• synonyms


[pol-uh-neyz, poh-luh-]
  1. a slow dance of Polish origin, in triple meter, consisting chiefly of a march or promenade in couples.
  2. a piece of music for, or in the rhythm of, such a dance.
  3. Also pol·o·nese [pol-uh-neez, -nees, poh-luh-] /ˌpɒl əˈniz, -ˈnis, ˌpoʊ lə-/. a coatlike outer dress, combining bodice and cutaway overskirt, worn in the late 18th century over a separate skirt.
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Origin of polonaise

1765–75; < French, feminine of polonais Polish, equivalent to Polon- (< Medieval Latin Polonia Poland) + -ais -ese
Dictionary.com Unabridged Based on the Random House Unabridged Dictionary, © Random House, Inc. 2018

Examples from the Web for polonaise

Historical Examples of polonaise

  • The Crown Prince was so kind as to walk the Polonaise with her.

    Vivian Grey

    Earl of Beaconsfield, Benjamin Disraeli

  • A quarter of an hour after my arrival, the ball began with a polonaise.

    The Memoires of Casanova, Complete

    Jacques Casanova de Seingalt

  • The Polonaise ended the ball, and my mother sent us all off to sleep.

  • The men began to choose partners and take their places for the polonaise.

    War and Peace

    Leo Tolstoy

  • This polonaise appears as op. 71 in the collection of posthumous works.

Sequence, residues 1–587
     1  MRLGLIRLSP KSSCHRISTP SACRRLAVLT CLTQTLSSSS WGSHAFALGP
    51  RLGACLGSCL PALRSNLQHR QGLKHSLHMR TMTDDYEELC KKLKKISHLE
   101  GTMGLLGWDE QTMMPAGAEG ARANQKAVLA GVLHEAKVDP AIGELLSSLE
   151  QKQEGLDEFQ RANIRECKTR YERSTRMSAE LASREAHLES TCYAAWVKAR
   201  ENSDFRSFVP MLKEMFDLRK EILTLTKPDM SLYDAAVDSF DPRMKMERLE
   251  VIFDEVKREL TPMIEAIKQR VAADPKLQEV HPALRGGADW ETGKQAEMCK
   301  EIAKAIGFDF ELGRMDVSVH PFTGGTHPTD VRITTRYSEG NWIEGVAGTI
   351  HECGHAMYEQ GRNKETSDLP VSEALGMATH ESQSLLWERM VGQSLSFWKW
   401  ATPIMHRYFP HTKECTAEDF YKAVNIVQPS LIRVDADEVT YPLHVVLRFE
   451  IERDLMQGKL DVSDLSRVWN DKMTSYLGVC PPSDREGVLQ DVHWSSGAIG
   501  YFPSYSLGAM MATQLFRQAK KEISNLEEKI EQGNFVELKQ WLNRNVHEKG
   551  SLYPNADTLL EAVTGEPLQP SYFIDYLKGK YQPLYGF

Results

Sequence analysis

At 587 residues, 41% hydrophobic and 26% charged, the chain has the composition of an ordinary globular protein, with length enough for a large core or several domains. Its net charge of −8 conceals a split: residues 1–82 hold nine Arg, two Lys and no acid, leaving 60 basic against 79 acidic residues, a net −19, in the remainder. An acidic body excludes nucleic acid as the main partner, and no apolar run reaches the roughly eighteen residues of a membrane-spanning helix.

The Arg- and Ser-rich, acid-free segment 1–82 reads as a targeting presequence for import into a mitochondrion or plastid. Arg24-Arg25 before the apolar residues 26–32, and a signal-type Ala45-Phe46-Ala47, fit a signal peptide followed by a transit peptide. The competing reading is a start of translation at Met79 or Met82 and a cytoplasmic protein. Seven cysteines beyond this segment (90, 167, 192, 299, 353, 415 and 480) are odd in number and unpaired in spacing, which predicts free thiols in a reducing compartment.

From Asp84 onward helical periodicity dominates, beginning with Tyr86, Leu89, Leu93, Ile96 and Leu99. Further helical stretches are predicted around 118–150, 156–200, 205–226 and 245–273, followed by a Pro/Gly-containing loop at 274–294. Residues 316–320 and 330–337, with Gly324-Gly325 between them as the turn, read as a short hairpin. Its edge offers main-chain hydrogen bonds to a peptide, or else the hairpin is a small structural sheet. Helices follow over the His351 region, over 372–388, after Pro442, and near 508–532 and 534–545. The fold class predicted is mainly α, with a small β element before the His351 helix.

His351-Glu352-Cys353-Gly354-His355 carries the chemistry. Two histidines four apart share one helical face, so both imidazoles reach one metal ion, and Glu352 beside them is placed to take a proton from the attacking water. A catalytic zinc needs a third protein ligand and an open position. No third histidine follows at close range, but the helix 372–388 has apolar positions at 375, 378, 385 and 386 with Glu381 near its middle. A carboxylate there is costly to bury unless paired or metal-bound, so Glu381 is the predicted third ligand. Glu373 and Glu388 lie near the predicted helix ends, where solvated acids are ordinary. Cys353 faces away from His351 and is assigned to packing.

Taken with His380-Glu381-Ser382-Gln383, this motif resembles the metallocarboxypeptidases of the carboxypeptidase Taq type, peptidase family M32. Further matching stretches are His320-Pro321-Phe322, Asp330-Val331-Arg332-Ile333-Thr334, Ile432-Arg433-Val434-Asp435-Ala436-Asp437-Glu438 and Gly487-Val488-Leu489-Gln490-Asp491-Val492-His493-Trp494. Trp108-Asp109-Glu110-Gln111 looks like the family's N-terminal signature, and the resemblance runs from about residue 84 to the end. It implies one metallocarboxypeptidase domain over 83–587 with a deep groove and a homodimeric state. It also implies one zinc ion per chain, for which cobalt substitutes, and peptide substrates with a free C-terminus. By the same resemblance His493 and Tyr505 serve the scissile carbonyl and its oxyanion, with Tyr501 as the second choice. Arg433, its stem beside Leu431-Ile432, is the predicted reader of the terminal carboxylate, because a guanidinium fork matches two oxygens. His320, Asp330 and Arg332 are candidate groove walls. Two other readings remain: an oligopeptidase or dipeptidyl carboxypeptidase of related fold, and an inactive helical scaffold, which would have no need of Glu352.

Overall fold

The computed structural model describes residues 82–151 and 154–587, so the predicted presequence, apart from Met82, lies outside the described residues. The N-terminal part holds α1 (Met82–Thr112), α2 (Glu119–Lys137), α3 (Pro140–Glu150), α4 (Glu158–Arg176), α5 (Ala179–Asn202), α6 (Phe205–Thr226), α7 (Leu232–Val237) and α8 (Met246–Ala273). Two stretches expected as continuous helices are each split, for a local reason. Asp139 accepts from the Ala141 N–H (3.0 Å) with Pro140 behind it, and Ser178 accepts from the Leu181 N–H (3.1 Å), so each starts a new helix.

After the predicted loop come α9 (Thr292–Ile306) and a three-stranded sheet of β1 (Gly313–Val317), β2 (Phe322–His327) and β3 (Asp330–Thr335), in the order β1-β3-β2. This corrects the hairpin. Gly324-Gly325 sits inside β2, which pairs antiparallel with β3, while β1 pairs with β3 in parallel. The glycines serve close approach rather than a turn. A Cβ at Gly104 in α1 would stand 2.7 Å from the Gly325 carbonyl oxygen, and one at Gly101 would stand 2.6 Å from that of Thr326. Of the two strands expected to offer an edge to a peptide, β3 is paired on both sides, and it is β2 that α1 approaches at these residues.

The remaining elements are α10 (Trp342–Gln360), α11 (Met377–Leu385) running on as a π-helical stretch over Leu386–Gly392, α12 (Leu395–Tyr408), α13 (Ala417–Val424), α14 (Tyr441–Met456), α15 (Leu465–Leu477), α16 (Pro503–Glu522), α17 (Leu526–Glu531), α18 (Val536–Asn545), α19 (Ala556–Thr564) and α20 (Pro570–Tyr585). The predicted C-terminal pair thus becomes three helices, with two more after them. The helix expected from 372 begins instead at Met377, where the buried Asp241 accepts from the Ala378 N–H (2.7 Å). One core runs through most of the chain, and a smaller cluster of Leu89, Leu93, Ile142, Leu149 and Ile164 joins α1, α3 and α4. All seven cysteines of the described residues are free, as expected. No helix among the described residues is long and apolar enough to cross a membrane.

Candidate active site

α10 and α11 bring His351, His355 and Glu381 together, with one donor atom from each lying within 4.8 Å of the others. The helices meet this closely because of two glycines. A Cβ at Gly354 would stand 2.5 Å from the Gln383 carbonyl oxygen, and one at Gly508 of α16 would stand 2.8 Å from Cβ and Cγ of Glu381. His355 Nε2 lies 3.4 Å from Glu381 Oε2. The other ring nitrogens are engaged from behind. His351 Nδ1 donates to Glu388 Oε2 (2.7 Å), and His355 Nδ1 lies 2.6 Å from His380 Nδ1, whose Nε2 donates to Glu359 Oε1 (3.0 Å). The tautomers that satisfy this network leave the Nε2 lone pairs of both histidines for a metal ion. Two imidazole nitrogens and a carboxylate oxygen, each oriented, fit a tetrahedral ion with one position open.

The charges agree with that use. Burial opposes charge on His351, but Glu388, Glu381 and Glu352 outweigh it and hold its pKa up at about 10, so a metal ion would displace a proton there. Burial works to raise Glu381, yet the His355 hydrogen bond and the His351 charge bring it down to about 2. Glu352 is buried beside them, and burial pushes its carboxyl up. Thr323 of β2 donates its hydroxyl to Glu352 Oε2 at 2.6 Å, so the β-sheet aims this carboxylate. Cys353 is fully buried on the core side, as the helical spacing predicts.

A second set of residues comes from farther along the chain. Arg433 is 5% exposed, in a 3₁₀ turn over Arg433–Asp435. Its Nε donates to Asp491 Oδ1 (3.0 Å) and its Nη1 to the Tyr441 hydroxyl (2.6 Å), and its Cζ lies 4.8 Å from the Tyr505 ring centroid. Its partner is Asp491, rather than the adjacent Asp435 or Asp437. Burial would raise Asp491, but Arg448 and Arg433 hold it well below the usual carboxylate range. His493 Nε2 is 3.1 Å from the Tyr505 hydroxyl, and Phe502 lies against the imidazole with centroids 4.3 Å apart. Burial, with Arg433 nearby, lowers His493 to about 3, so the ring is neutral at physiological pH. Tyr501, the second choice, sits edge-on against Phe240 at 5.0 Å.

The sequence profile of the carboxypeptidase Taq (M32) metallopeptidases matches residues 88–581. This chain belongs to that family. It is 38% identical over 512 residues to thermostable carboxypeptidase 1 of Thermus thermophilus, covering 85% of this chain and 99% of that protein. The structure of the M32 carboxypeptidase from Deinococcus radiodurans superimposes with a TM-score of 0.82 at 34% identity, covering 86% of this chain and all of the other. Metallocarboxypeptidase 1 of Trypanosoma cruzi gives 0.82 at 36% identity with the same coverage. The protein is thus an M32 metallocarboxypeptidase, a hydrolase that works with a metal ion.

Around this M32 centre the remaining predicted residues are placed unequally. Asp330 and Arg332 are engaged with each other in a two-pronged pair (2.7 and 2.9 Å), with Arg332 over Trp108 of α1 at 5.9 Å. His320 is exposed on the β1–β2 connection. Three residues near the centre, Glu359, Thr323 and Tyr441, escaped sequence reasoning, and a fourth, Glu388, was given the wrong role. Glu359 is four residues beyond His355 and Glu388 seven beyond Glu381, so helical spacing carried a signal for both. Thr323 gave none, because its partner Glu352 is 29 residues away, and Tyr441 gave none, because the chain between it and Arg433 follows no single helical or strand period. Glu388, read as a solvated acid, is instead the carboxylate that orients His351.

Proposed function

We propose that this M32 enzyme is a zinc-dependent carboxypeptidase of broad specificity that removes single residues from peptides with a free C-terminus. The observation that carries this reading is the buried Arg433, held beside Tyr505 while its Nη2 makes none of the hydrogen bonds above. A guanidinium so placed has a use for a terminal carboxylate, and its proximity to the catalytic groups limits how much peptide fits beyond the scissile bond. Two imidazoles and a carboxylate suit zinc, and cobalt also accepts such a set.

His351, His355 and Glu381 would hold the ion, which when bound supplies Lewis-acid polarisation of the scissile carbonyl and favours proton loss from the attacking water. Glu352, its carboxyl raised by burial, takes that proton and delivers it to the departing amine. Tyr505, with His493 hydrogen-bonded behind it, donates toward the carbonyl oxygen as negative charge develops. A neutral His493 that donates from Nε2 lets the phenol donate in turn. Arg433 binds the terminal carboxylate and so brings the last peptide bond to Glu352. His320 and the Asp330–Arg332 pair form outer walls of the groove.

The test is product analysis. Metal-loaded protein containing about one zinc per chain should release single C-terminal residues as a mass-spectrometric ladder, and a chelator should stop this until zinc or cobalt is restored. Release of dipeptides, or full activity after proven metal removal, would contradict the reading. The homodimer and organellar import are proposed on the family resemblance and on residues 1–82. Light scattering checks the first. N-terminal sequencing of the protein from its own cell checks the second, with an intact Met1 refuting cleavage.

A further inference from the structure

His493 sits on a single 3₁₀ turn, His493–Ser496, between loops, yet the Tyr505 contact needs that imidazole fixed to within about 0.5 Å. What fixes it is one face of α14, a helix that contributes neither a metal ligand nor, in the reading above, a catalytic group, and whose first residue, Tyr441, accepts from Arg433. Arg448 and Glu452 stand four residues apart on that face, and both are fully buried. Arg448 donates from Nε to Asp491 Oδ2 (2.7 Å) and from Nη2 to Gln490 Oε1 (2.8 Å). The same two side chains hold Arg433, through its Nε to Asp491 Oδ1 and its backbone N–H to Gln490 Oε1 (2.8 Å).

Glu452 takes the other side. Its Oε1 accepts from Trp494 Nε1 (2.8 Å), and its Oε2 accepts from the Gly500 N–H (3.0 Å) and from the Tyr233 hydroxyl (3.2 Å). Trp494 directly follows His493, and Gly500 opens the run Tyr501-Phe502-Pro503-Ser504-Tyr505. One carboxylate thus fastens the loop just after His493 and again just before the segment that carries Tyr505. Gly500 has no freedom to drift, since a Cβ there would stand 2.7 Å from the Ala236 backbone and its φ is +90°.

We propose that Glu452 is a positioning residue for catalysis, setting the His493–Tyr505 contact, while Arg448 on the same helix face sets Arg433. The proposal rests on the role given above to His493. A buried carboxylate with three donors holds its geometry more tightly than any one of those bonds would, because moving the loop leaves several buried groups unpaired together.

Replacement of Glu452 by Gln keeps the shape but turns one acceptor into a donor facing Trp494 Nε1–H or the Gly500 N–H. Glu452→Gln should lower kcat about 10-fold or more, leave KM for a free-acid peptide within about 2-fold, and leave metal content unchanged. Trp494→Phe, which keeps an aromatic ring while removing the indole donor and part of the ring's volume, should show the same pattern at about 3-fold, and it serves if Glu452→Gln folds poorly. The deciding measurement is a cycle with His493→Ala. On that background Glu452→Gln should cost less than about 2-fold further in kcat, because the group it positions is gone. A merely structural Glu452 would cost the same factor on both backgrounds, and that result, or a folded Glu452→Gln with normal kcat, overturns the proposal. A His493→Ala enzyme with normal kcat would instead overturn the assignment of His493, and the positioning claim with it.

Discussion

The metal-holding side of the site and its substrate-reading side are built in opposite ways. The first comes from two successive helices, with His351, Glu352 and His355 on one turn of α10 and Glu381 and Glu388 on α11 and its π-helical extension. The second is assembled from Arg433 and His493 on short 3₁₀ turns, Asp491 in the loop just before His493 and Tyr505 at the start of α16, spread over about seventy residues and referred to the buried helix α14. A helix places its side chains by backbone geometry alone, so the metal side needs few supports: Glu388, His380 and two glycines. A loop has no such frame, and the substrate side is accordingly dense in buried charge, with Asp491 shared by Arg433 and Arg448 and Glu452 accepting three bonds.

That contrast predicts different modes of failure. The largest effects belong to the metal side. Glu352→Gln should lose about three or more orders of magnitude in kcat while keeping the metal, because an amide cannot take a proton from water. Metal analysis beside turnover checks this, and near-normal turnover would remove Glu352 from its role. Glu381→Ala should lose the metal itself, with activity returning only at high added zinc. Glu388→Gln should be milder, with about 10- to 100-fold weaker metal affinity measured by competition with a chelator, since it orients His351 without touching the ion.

British Dictionary definitions for polonaise


  1. a ceremonial marchlike dance in three-four time from Poland
  2. a piece of music composed for or in the rhythm of this dance
  3. a woman's costume with a tight bodice and an overskirt drawn back to show a decorative underskirt
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Word Origin for polonaise

C18: from French danse polonaise Polish dance
Collins English Dictionary - Complete & Unabridged 2012 Digital Edition © William Collins Sons & Co. Ltd. 1979, 1986 © HarperCollins Publishers 1998, 2000, 2003, 2005, 2006, 2007, 2009, 2012

Word Origin and History for polonaise


1773, "woman's overdress" (from fancied resemblance to Polish costume); 1797, "stately dance," from French (danse) polonaise "a Polish (dance)," fem. of polonais (adj.) "Polish," from Pologne "Poland," from Medieval Latin Polonia "Poland" (see Poland). In the culinary sense, applied to dishes supposed to be cooked in Polish style, attested from 1889.

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Online Etymology Dictionary, © 2010 Douglas Harper